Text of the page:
Perhaps another user of the site, Eric D. Velopoer, just attended a seminar on frobnitzem and wants to make sure that everyone knowns the definition of “frobnicate”.
He follows the basic flow of the other users to determine whether or not the definition already exists in the database. In this case, it doesn’t exist in the ComputerJargon database, but it might exist on other instances. Whether or not it does, the result of the search is clear.
Once he has found that the definition doesn’t exist, Eric has a clear path to create a new definition. (He also has the option to add a new definition for which terms already exist.)
Note that I deliberately do not want people to be able to add definitions without searching for them first, because that is likely to lead to duplication.
Once Eric has decided to add a new definition, he’s presented with a form to add the definition. It has a prefilled, uneditable entry with the term being defined, a dropdown for part of speech (verb, noun, etc), and a large text box for the definition.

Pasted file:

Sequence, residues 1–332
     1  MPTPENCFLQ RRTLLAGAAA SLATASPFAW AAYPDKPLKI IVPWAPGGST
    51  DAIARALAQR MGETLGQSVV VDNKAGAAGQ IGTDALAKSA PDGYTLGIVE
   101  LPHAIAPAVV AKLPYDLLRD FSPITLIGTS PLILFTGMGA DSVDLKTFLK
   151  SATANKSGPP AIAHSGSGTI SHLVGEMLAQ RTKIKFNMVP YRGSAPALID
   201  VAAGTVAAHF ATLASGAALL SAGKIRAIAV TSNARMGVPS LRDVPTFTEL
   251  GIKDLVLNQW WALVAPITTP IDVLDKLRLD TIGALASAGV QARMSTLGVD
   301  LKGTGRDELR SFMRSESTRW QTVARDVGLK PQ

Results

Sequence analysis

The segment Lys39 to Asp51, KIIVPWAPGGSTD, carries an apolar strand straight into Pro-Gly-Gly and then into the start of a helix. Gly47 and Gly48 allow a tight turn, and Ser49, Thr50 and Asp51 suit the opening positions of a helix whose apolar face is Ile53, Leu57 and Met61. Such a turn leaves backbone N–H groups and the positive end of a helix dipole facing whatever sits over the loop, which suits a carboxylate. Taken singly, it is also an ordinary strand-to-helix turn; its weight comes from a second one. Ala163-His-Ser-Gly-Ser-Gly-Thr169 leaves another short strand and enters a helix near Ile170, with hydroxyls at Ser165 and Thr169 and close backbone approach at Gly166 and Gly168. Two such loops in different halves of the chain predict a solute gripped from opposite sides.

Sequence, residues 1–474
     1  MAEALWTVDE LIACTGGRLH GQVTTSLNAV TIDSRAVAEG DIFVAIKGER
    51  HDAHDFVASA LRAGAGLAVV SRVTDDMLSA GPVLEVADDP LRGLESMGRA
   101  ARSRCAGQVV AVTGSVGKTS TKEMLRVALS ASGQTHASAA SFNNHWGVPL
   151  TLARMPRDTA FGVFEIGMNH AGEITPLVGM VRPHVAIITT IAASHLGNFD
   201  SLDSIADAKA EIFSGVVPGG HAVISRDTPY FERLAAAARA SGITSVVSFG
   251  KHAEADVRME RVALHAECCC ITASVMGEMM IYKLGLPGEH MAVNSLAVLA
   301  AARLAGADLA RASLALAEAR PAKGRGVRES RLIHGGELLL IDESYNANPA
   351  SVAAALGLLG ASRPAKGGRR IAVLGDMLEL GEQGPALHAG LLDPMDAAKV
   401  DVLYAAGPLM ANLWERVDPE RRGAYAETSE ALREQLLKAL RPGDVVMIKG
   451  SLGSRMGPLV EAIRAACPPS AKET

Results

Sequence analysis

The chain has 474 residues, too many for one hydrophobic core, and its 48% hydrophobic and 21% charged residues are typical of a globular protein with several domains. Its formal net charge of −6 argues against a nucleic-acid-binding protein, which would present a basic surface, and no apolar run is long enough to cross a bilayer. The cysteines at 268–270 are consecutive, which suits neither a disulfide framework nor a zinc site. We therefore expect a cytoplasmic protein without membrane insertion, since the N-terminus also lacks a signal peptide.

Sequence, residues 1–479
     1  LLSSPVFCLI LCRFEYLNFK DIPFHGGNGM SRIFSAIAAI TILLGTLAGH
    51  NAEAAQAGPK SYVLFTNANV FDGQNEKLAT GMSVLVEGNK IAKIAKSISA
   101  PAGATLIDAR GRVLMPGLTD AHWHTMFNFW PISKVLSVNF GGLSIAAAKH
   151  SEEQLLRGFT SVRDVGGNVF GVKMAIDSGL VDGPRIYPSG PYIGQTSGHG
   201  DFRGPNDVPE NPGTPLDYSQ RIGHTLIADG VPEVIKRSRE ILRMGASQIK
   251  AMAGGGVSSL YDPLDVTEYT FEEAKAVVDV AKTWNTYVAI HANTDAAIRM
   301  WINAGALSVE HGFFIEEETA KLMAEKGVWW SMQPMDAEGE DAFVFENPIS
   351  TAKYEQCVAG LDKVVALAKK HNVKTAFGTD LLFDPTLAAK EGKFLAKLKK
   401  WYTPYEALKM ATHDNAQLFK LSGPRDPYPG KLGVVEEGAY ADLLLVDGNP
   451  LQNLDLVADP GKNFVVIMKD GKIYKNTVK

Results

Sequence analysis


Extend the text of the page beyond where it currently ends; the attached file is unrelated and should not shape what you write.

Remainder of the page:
It might also be useful to provide a way to enter related terms or “see also”s for a definition. For instance, Eric might want to mention that “frobnicate” is related to “frobnitz”, “twiddle”, and “tweak”.
Eric’s definition might end up looking like this (from the Original Hacker’s Dictionary):
To manipulate or adjust, to tweak. Derived from “frobnitz”. Usually abbreviated to frob. Thus one has the saying “to frob a frob”. “Frob”, “twiddle”, and “tweak” sometimes connote points along a continuum. Frob connotes aimless manipulation; twiddle connotes gross manipulation, often a coarse search for a proper setting; tweak connotes fine-tuning. If someone is turning a knob on an oscilloscope, then if he’s carefully adjusting it he is probably tweaking it; if he is just turning it but looking at the screen he is probably twiddling it; but if he’s just doing it because turning a knob is fun, he’s frobbing it.
See also: frobnitz, tweak, twiddle.
That definition, once submitted, goes onto a moderation queue, so that the site moderation team can decide whether or not to allow it to go public.
These are the basic workflows for FediDict users - looking things up, giving feedback on existing definitions, and submitting new definitions. In the next post, we’ll look at the security aspect of design, including anti-abuse tooling.